than Fred,” Graves said. “I spent six-plus years learning from one of the most dedicated, talented journalists in community newspapers. Among the advice Fred gave me was to remember that, even though an article might be very critical, as long as it was fair and factual, I could look my sources in the eyes at the grocery store. He was absolutely right.” Another former News-Times reporter, Gretchen Young-Sotomayor, recalled Obee as a “balanced, measured, kind and creative” editor, who “stood by our articles when necessary” and “could work humor into the most challenging times.” Obee also served on the WNPA board of directors, until his retirement last year. Fellow board member Donna Etchey likewise cited Obee’s sense of humor, but also touted “his insight into the editorial world,” as well as his conviction and dedication, which “always showed through when he gave his side of an argument.” Obee went from the News-Times to the Port Townsend Leader in 1994, where he spent the next six years as a reporter and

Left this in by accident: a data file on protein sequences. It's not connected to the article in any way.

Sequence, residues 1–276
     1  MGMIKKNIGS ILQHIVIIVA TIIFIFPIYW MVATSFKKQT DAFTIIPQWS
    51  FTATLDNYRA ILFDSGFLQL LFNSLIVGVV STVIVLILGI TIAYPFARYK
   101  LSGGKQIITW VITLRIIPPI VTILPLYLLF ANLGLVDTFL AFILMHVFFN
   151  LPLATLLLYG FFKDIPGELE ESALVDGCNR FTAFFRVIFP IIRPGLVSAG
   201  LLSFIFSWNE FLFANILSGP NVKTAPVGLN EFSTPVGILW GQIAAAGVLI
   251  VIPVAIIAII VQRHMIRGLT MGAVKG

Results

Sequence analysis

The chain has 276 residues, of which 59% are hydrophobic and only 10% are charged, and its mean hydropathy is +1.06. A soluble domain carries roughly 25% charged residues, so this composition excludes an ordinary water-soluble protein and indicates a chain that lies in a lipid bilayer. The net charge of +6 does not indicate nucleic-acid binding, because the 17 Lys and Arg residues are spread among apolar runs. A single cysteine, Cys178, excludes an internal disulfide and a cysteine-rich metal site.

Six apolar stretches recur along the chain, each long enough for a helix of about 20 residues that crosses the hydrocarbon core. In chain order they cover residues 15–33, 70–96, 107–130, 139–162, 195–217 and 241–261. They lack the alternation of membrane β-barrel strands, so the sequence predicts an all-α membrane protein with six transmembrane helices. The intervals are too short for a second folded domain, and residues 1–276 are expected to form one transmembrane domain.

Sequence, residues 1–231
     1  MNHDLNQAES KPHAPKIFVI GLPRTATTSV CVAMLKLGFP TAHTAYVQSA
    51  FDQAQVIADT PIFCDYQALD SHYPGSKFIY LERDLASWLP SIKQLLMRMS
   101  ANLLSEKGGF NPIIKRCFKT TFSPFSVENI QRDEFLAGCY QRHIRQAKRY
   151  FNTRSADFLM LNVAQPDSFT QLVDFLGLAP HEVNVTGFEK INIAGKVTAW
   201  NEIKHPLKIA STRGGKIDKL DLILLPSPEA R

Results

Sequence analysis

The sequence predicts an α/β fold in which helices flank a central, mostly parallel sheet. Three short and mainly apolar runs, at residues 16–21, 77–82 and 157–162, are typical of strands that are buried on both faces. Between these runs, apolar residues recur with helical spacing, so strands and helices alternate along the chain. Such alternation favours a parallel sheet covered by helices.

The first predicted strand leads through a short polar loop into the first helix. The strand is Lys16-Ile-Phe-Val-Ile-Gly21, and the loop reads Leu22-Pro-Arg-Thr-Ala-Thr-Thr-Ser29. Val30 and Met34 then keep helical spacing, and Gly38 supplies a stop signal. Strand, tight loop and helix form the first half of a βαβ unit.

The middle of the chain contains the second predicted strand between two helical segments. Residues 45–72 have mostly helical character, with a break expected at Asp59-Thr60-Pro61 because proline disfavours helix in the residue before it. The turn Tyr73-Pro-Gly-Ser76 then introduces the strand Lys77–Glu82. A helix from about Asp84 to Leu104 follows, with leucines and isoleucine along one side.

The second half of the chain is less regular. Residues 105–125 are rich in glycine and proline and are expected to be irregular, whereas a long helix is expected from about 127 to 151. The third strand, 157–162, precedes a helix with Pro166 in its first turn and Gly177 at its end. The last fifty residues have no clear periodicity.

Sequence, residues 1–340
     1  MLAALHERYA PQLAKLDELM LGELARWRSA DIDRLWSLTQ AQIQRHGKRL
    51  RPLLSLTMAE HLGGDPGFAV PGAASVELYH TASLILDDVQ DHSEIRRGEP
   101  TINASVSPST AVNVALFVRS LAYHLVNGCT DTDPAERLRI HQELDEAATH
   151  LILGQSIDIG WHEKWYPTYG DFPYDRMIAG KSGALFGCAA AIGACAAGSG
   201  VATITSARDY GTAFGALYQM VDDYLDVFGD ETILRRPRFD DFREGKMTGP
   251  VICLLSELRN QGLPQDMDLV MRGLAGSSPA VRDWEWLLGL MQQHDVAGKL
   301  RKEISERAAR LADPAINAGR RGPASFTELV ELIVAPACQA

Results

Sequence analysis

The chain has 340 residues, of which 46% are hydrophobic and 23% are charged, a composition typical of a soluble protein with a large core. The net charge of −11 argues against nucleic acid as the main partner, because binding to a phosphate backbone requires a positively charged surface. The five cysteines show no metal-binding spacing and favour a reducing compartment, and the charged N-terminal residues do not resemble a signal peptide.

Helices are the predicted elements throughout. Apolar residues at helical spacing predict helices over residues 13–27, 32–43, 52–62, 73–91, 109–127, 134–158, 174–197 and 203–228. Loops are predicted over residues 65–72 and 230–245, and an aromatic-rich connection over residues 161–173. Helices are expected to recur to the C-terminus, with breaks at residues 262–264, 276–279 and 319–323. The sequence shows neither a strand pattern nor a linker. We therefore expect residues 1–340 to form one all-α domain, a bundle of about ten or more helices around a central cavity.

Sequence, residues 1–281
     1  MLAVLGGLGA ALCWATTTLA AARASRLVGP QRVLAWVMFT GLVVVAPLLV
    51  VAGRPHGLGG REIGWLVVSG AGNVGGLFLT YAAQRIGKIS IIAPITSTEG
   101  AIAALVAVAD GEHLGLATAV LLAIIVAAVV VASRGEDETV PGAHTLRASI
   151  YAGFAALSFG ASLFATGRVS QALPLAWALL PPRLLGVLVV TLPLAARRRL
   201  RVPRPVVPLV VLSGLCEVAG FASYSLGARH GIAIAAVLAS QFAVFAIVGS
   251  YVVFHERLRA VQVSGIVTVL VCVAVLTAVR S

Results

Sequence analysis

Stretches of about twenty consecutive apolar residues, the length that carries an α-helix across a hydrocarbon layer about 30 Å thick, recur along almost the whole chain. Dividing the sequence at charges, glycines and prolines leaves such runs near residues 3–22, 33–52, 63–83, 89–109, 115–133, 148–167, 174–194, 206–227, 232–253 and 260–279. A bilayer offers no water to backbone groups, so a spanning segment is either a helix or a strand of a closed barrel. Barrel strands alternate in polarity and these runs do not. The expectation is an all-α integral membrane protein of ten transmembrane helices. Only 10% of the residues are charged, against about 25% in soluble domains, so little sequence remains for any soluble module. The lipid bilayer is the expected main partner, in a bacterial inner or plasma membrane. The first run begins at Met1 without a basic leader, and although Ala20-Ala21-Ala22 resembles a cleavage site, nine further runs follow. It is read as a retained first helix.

section editor. Obee’s tenure at the Leader saw him nominated for a Pulitzer Prize for his reporting on Brian Sperry, a student who responded to four years of bullying at the hands of his peers by using a club to hit the football player who was pushing him around. Although Sperry was sentenced to 15 months in prison for assault with a deadly weapon, Leader Publisher Scott Wilson credited Obee’s article on Sperry with inspiring 3,000 locals to sign a petition that led Gary Locke, then governor, to pardon Sperry. It would be the only pardon Locke would issue for someone still in prison. Graves asserted that Obee still has “ink in his blood,” which is why he’s now editing The Washington Newspaper. “So if you ever wonder what makes a well-rounded newspaperman, or if you wonder whether what you do is important, or whether community newspapers matter, take a look at the career of Fred Obee and know that you can, and probably do, make a difference,” Graves said.